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James R. Hedges IV began purchasing photographs by Andy Warhol around 20 years ago, initially hoping to collect enough Polaroids to complete a grid of nine pictures. Today the Californian adviser and dealer owns more than 5,000 such works, having amassed what he says is the largest private collection of this “seriously undervalued market”.
Early on in his collecting journey, Hedges learned from his then boyfriend, who sat on the board of the Andy Warhol Foundation for the Visual Arts, that he could buy works directly from the organisation. In 2013 Hedges departed from his investment business to focus full time on art and is now “the go-to guy for Warhol photography”, he says. He credits his pre-eminent position to his long-standing relationships with those who knew Warhol best. Tim Hunt, the curator of the foundation who died in 2017, “taught him everything”; he later befriended Warhol’s diarist and close collaborator Pat Hackett.
Hedges has organised a new exhibition of works—mostly from his collection—at the Château la Coste in Provence, southern France. Voyages avec Warhol charts the manifold depictions and senses of “journeys” in Warhol’s photography across several decades, and includes photobooth strips, silver gelatin prints, and stitched photographs exhibited in the only show dedicated to Warhol’s photography in his lifetime, which took place five weeks before the artist’s death in 1987. Hedges also organises selling shows with commercial galleries such as Jack Shainman and Gagosian—they give him the space and a client list; he does the rest, he says—and loans works to institutions across the world, including the Victoria and Albert Museum in London and Fotografiska in Stockholm.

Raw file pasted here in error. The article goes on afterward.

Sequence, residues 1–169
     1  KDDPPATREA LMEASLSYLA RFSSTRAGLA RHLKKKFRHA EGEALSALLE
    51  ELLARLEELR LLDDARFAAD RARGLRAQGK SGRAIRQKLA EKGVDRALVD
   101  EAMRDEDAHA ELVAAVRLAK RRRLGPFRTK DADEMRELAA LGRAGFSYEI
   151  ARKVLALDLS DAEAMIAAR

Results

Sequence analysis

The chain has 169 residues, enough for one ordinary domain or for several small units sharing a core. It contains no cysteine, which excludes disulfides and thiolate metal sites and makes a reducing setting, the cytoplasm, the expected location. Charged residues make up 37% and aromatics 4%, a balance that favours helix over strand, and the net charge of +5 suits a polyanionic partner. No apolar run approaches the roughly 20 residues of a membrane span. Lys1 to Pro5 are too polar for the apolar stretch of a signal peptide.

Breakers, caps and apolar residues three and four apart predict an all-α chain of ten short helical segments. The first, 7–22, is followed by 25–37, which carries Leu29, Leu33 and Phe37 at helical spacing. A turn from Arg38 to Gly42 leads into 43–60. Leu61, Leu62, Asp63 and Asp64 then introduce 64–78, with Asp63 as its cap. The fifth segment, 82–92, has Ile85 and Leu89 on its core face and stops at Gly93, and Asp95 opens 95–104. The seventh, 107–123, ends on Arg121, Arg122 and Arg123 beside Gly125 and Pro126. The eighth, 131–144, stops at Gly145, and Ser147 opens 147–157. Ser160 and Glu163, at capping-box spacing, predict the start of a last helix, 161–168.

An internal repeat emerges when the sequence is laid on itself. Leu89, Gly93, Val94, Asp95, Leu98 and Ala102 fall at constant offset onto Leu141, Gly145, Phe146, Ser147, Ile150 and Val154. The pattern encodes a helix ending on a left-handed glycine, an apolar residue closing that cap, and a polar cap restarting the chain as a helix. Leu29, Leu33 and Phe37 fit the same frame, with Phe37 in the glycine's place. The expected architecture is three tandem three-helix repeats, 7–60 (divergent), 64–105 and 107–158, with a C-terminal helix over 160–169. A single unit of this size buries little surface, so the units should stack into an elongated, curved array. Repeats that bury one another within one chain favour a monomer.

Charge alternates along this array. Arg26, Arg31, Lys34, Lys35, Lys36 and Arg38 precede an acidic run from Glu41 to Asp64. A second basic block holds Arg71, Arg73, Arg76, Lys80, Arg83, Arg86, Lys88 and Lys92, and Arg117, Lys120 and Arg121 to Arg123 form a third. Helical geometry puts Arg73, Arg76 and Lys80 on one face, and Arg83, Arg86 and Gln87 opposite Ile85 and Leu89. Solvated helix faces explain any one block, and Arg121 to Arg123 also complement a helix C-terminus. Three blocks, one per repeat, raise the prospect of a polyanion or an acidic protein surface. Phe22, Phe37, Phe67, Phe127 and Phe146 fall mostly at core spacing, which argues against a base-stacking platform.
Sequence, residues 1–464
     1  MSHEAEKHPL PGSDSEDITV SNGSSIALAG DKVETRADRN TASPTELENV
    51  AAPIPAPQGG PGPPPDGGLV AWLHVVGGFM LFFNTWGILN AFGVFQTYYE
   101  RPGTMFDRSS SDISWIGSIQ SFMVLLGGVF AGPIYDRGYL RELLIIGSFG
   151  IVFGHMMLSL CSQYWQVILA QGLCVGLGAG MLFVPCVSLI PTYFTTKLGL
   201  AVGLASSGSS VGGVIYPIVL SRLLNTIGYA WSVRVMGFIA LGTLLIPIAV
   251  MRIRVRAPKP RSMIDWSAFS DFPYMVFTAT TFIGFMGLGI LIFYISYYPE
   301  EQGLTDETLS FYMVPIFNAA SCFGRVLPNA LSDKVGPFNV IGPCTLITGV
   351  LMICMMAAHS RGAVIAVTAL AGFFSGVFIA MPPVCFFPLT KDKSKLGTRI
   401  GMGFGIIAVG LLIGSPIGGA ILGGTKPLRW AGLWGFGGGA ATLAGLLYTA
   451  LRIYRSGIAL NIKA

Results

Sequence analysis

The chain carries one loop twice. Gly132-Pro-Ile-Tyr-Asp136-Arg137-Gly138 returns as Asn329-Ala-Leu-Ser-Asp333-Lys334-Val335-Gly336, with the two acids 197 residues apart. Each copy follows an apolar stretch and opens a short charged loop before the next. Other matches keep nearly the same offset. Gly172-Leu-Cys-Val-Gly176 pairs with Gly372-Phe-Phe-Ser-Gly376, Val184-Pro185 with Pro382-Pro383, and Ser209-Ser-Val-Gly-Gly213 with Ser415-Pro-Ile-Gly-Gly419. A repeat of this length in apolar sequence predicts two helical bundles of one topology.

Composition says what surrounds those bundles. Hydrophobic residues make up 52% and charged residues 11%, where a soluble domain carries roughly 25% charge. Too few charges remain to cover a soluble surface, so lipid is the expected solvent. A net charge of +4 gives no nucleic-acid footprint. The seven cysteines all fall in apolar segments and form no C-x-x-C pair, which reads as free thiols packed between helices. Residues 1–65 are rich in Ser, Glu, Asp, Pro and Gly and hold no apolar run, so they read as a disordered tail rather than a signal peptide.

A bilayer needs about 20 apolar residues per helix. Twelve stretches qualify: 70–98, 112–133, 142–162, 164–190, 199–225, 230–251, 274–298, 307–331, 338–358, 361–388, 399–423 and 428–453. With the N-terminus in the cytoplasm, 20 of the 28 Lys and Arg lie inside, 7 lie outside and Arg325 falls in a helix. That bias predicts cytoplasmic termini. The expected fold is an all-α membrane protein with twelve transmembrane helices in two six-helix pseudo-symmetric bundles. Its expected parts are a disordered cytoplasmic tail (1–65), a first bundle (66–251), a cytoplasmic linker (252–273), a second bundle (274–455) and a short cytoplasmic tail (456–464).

The Art Newspaper: What are you looking out for in Basel this year?
James R. Hedges IV: Masterful young painters from South Tyrol.
How quickly do you decide to buy a work of art?
As soon as it aligns with my gut, heart and bank balance.
What was the first work you ever bought?
A Marilyn reversal photograph by Warhol.
What was the last work you bought?
A Sol Lewitt wall drawing.
What do you regret not buying when you had the chance?
A night-sky painting by Vija Celmins. If you’re familiar with that work you know it was a big market moment. You had to kiss the ring of a million people to be considered to buy it. It was offered to me the same week that my now ex-wife filed for divorce, so everything was off the table.
If you could have any work from any museum in the world, what would it be?
I recently saw the most poetic—literally and figuratively—painting by Cy Twombly at the Pinault Collection at the Bourse du Commerce in Paris. That.
Where do you like to eat and drink while you’re in Basel?
Lunch at Fondation Beyeler, drinks at Les Trois Rois.
What’s your least favourite thing about art fairs?
There’s nothing “VIP” about the VIP section.
Where do you go in Basel to get away from it all?
The Black Forest.
What tip would you give to someone visiting Basel for the first time?
Here’s some California-style advice: chill out. The right art will find you.